The tragic death of George Floyd: A word of lament from NWC Superintendent Mark R. Stromberg
Dear Northwest Conference Sisters and Brothers in Christ Jesus (May 27, 2020),
There are moments when it is difficult to know what to say as leaders. Many of us find ourselves in such a moment as we try to comprehend the terrible circumstance that led to the senseless taking of George Floyd’s life in Minneapolis just two days ago. And this, following the heinous murder of Ahmaud Arbery in recent weeks. And the life before that … and the one before that …
Yes, it is hard to know what to say. After all, words are just words if not followed up by actions.
However, to say nothing can also be understood to be saying something, even if unintended. Therefore, this tragic loss of life and the injustice these recent events illustrate cannot be ignored or explained away. Actually, these have never been things to explain away, though sometimes some of us may have tried to do so.
What will it take before we fall on our knees before God and plead for forgiveness? How long will it take? We can no longer say that it is always the “other guy” who is responsible for these reprehensible deeds. For even as we bear responsibility for the nailing of Jesus to the tree, we bear responsibility as part of “Adam’s race” for the dehumanization and mistreatment of others for whom Christ died; for those we are called to love.
I know that I am not alone in feeling heart-sick today, but also feeling a bit helpless. I don’t always know where to turn to or what to do with my thoughts or feelings, lest I do or say something that adds further pain, though unintended. However, on behalf of all of us on the Northwest Conference staff, I express deep sorrow for the pain and dismay that our sisters and brothers of color are experiencing as we know that these are both deeply felt and justified.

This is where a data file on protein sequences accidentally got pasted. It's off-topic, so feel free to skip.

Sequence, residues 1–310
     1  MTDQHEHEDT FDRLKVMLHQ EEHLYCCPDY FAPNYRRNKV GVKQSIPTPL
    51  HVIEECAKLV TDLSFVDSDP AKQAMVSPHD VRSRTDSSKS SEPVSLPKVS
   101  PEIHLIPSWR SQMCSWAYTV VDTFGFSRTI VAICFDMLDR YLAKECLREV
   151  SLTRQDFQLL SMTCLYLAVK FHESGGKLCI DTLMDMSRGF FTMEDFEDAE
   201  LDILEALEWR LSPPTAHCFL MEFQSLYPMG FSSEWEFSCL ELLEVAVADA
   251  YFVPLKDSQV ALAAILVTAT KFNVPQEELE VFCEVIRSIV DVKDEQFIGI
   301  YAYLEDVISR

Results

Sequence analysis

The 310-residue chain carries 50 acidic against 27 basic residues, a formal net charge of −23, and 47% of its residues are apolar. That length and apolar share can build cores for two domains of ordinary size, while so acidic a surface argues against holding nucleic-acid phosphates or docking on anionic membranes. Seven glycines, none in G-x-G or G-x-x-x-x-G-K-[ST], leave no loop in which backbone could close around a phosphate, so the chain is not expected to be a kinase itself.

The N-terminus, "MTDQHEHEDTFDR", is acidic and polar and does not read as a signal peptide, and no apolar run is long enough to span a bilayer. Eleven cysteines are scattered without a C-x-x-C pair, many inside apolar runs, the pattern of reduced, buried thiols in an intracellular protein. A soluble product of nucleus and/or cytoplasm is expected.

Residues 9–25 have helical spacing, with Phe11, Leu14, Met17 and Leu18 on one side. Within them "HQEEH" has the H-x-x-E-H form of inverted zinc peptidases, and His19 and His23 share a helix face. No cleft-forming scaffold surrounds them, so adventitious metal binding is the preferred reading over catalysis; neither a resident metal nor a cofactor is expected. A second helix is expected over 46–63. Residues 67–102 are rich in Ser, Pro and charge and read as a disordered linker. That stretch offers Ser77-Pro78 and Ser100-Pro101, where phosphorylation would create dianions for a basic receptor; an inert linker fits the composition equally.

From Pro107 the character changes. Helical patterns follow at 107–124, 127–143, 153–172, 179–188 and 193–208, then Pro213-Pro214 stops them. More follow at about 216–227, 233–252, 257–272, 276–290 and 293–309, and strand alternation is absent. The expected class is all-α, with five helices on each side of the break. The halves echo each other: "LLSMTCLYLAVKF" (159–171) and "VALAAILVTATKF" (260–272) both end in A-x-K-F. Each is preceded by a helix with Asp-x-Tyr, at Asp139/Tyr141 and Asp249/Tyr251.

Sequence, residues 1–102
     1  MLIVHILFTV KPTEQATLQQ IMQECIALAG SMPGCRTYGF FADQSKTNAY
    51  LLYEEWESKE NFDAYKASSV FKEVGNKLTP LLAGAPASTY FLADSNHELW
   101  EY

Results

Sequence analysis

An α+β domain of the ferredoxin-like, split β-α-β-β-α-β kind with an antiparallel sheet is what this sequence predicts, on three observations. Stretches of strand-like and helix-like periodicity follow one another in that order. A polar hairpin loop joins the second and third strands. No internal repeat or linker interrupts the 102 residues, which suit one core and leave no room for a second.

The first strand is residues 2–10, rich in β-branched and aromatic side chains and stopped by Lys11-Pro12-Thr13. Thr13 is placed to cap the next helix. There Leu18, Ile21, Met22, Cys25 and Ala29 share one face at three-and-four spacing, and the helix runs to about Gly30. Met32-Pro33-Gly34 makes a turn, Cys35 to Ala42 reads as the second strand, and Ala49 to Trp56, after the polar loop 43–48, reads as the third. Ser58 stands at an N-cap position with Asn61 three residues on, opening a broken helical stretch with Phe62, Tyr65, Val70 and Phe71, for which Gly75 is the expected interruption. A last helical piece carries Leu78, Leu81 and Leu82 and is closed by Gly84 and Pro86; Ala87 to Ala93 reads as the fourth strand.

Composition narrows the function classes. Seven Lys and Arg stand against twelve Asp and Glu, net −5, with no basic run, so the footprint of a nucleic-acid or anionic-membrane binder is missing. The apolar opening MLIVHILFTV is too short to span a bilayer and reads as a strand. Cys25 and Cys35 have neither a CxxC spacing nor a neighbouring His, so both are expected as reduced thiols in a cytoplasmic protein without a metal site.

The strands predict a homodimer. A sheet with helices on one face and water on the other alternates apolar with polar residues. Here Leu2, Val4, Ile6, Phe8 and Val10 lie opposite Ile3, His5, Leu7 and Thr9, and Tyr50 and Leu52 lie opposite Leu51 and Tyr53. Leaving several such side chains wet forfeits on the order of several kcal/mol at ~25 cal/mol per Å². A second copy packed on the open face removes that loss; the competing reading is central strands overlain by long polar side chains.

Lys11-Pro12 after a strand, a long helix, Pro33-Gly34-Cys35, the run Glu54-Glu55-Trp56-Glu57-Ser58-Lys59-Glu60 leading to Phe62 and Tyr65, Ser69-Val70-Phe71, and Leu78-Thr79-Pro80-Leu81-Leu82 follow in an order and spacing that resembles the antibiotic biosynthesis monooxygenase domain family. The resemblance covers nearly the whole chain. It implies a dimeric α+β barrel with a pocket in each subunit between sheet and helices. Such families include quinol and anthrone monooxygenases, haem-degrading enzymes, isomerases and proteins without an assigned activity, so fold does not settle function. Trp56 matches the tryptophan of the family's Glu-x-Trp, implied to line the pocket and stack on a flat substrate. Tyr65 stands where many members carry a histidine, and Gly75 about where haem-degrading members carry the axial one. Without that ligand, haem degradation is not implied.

We also cannot continue to say that we are “in It together,” unless we are also willing to be in “all of it together.” Our togetherness cannot only remain so long as it serves our own self-interest, without regard to how it is impacting those we claim to love. After all, we are reminded in Scripture that when one part of the body suffers, we all suffer. Or do we?
Personally, I am sorry for not suffering enough alongside those of you that do. I am sorry for the blatant disregard of those in our own communities that have not been given equal treatment or respect as men and women, boys and girls created in the image of God and the nobility that suggests. I am especially sorry for the burdens born by our African-American sisters and brothers at this time, though this is nothing new … just more of the same … tragically.
We have to do more, and we have to do better as the people of God.
Merciful Lord, we are weak but You are strong. We are burdened with grief; our hearts are heavy, our spirits are crushed. Be our strength in times of weakness. Be our shelter from the storm. Be especially near and dear to our African-American sisters and brothers on this day as they feel the weight of this latest tragedy most acutely. Be their rock and shield. Forgive the rest of us for the times we have turned a blind eye to the injustices facing so many in communities of color. Lord, have mercy. Christ, have mercy. Lord, have mercy. AMEN.
Mark R. Stromberg,